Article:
Photo by Richard Kern
Most of the world views Sweden as a bastion of liberal-socialist tolerance and forward-thinking feminist ideology, but it turns out the country’s open-mindedness extends only so far as its armpits. And if them shits are hairy, all of the talk of acceptance and the perils of prejudice gets tossed down a drain clogged with short-and-curlies.
This hubbub about hair began in March, during the finals of the Melodifestivalen national song contest, when school librarian Lina Ehrin’s unshaven underarm was caught on camera for a split second and beamed directly into the fragile eyes of millions of viewers.
A screengrab was uploaded to Facebook shortly afterward, racking up thousands of abusive comments about how disgusting Lina was for neglecting to shave her pits. A Facebook event page called Ta Håret Tillbaka! (Take the Hair Back!) was quickly created to defend Lina’s right not to shave and urging women to post pictures of their own furry enclaves.
The page quickly garnered 15,000 likes and hundreds of pit pics, the group began organizing real-life protests, and the discussion exploded from the social-media sphere and spilled into the mainstream tabloids. Befuddled by all of this tufted outrage, we spoke with Deidre Palacios, one of the founders of Ta Håret Tillbaka!, and asked her why her fellow citizens care so much about hair.
VICE: What do you mean by saying you want to “take the hair back”? Did it ever go anywhere?
Deidre Palacios: It’s not meant to be taken literally; it’s more about women reclaiming the notion of hair. I thought only my friends would care—I never imagined it would spread like it has. I think the debate makes people think in new ways. A girl contacted me today and told me her boyfriend wouldn’t accept her having hairy armpits. She was really shocked, and it shed new light on him.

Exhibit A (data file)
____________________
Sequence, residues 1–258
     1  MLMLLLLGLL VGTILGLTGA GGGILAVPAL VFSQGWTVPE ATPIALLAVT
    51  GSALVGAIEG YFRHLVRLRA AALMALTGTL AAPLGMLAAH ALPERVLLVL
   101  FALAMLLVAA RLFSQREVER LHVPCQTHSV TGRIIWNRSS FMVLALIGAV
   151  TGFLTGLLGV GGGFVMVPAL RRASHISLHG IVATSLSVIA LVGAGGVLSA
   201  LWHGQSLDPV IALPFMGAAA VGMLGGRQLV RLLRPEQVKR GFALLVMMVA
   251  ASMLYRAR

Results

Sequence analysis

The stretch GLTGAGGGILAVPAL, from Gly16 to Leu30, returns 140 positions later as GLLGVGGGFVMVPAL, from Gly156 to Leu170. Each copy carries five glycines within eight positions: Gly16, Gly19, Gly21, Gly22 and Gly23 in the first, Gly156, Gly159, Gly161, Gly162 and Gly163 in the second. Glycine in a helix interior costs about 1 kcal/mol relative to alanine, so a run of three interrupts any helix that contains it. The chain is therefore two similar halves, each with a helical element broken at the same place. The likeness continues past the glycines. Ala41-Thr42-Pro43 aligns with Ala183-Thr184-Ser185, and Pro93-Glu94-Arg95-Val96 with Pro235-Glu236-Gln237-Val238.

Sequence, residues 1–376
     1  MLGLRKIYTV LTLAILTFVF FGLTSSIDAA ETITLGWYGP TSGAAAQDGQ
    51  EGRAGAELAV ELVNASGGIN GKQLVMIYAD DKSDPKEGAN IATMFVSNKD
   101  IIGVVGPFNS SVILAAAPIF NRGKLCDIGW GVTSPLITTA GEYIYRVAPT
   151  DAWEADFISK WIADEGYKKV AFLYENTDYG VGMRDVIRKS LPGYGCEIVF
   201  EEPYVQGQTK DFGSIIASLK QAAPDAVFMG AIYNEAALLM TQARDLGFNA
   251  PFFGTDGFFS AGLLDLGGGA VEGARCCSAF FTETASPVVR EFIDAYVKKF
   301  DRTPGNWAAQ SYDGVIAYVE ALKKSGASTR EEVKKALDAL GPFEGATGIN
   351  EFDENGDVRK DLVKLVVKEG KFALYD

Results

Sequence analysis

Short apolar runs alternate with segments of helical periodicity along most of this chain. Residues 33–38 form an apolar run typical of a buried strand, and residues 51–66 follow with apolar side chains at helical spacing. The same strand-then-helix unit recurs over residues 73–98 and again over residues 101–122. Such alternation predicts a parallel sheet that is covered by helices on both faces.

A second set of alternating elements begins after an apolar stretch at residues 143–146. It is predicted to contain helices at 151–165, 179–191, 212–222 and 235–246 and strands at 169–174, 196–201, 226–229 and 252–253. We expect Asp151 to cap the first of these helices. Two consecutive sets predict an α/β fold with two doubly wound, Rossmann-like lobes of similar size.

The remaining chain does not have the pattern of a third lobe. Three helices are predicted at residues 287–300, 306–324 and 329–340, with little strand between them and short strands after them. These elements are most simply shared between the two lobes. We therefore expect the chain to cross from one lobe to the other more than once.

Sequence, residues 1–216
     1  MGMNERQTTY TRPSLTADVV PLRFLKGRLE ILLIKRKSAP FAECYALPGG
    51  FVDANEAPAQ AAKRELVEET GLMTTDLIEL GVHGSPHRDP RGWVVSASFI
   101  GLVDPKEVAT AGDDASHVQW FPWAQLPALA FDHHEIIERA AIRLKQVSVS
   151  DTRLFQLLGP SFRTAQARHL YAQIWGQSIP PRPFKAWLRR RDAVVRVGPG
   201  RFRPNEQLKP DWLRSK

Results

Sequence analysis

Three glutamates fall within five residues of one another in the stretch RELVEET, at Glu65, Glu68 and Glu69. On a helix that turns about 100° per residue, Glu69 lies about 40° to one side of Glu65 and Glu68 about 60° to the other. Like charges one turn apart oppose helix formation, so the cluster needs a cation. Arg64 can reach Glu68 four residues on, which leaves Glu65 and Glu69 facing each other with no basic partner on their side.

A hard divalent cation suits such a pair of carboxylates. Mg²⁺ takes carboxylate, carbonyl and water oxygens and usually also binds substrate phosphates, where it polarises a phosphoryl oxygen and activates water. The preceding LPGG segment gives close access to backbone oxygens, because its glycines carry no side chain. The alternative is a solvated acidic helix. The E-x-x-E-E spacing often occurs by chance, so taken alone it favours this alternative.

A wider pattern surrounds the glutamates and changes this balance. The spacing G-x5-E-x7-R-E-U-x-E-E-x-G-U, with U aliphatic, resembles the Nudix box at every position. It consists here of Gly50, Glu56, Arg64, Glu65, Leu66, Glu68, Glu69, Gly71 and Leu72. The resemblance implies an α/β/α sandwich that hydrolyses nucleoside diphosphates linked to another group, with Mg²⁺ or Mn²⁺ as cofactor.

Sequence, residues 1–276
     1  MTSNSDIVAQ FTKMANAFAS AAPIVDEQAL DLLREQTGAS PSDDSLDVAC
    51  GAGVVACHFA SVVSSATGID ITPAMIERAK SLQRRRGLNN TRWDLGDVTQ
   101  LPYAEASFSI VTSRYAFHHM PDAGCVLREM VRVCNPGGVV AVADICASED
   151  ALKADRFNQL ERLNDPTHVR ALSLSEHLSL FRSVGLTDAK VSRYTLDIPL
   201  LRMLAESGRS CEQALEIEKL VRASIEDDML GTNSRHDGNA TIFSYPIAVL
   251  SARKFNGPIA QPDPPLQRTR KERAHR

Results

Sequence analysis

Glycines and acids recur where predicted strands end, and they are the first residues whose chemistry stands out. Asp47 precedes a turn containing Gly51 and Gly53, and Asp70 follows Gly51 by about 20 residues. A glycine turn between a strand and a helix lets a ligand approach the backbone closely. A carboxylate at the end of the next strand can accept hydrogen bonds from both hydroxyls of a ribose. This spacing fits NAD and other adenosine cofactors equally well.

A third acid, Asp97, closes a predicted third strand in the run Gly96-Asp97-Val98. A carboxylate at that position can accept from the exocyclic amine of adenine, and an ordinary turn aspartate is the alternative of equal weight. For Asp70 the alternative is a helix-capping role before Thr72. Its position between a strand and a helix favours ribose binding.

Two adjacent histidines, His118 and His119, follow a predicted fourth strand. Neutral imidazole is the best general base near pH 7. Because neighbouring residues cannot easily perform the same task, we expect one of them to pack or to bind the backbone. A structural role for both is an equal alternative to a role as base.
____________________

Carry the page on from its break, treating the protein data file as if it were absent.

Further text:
There’s a picture of your own hairy underarm on your group’s Facebook page. Are you personally offended by the negative comments you’ve received?
No. However, I do care when women who’ve uploaded pictures of their pits get death threats. When that happens, I contact the police. Why do you think Swedes have been so provoked by a little female body hair that’s completely natural?
That’s something I really don’t understand. I work as a sex-education teacher and talk to teenagers a lot. I’ve noticed body hair is more or less a taboo. I let the students know everybody is different—some are hairier than others, and that it’s completely normal. Are you going to organize any public events similar to the protest in Malmö where girls gathered to publicly display their fuzzy pits?
I think I’m going to take it further in one way or another. A lot of the members are active hair campaigners, so I really think that something will come out of this. I recently saw a YouTube video of girls singing a song about hair.